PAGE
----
A record number of shareholder votes this year were on resolutions addressing environmental, social, and governance (ESG) issues. Investors have voted on 282 ESG-related resolutions this proxy season, with 34 resulting in majorities, according to As You Sow, a nonprofit shareholder advocacy group. At least two dozen more votes could take place and put the 2022 proxy season on pace with the 39 majority votes on ESG-related proposals a year ago. Meanwhile, activists say the 268 proposals that were withdrawn this year are just as significant. Withdrawn proposals largely reflect agreements with companies outside of the resolution process, says business sustainability consultant Ceres. Agreements are better than majority votes, according to Ceres. The proportion of withdrawals is similar to past years, but the number is higher because of the record 610 resolutions filed this year, says Heidi Walsh, executive director of the Sustainable Investments Institute, which tracks shareholder activism.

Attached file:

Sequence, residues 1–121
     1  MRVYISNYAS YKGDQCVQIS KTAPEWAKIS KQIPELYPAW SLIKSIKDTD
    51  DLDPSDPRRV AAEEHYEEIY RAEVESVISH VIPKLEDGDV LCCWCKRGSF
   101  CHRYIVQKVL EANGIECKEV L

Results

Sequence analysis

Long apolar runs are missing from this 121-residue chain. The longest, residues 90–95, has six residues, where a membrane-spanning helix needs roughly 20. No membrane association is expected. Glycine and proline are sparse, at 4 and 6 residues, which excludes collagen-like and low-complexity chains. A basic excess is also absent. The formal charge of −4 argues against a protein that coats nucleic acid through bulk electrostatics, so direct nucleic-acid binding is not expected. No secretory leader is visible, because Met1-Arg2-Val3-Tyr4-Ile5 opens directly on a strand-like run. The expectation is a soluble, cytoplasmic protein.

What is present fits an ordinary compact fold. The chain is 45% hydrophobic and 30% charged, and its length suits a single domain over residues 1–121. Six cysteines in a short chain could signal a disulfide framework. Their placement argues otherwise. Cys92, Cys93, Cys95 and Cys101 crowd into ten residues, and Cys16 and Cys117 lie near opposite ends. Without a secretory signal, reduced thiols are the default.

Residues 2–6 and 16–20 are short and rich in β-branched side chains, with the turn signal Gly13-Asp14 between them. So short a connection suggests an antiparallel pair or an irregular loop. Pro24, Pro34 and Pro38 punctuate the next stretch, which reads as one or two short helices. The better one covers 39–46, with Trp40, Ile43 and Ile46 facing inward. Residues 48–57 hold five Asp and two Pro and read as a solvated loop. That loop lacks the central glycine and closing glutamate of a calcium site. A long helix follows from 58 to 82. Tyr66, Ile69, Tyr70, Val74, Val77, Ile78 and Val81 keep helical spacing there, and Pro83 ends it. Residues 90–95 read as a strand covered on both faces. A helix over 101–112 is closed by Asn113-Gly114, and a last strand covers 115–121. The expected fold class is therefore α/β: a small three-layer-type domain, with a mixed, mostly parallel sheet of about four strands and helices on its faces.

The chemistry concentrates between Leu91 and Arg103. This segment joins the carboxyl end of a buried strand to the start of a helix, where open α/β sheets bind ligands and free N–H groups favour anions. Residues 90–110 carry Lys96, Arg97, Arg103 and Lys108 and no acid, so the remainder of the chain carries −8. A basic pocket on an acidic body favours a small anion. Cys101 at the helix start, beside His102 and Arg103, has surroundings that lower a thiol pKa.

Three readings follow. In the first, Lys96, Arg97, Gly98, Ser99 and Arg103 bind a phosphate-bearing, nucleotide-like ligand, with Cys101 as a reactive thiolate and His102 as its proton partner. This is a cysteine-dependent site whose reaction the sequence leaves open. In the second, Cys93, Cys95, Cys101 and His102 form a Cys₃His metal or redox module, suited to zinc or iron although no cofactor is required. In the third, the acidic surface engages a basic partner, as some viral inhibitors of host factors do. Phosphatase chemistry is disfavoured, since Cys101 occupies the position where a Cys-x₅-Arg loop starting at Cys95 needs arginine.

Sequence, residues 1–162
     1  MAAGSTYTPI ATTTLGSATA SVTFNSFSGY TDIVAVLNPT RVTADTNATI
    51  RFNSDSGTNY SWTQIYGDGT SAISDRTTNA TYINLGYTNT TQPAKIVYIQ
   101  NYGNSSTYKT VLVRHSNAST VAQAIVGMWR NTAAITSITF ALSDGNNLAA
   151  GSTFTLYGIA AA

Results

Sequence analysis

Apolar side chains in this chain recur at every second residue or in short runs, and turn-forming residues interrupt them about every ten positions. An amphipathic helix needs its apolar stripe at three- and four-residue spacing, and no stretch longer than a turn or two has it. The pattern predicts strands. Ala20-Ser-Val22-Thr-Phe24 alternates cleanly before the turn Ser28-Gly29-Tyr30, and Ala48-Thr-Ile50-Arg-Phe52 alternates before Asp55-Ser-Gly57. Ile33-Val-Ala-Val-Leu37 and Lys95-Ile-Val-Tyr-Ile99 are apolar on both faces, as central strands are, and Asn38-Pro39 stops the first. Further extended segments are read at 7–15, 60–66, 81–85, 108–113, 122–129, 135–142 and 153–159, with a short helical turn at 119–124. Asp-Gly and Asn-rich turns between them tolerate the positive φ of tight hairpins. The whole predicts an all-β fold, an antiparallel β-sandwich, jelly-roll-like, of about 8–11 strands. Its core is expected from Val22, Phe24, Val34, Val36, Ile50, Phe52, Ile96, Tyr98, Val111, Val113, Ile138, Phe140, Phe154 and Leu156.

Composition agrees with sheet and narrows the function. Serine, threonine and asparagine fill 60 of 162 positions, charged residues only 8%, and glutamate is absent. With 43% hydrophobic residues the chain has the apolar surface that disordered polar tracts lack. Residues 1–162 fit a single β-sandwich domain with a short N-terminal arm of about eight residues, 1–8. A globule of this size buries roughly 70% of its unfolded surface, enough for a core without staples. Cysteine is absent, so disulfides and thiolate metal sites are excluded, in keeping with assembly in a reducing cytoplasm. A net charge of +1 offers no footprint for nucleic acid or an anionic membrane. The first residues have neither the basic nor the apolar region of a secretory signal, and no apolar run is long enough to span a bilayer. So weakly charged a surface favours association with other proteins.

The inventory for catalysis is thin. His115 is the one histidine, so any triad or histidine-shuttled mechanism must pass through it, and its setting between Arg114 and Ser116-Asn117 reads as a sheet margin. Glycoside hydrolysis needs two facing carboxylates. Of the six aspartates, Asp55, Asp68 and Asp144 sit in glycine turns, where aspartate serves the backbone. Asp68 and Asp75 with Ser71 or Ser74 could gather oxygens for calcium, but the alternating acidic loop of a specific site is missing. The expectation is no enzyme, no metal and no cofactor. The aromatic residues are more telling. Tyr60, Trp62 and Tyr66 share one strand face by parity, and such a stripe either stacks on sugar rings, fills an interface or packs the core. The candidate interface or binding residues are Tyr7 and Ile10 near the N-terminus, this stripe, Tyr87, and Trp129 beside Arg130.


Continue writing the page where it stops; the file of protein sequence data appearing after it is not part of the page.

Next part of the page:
Having a female CEO at the reins of a company or chairing its board of directors tends to make a big difference in elevating a firm's gender diversity record, Altrata's latest Global Gender Diversity report shows. Of the various companies studied, Organon (OGN) had the highest proportion of female board members. Spun off from Merck (MRK) last year, Organon is chaired by Carrie Cox, who is joined on the board by eight other women and four men. Ulta Beauty (ULTA), meanwhile, ranked second on the list of global companies with the most females in leadership posts. It's worth noting that a female chief executive is not required to have gender diversity. Autodesk (ADSK), Bath & Body Works (BBWI), Bristol-Myers Squibb (BMY), and Etsy (ETSY) all have male CEOs, but still have a substantial percentage of women in key decision-making positions. Approximately 28.2% of board members are women, according to the study. But many of these women are appointed to nonexecutive roles, which are often centered on board oversight instead of real decision-making power. Breaking board representation down even further reveals approximately 9.9% of executive directors are women and 8.9% of board chairs are women. Approximately a third of nonexecutive posts are held by a woman, the report found.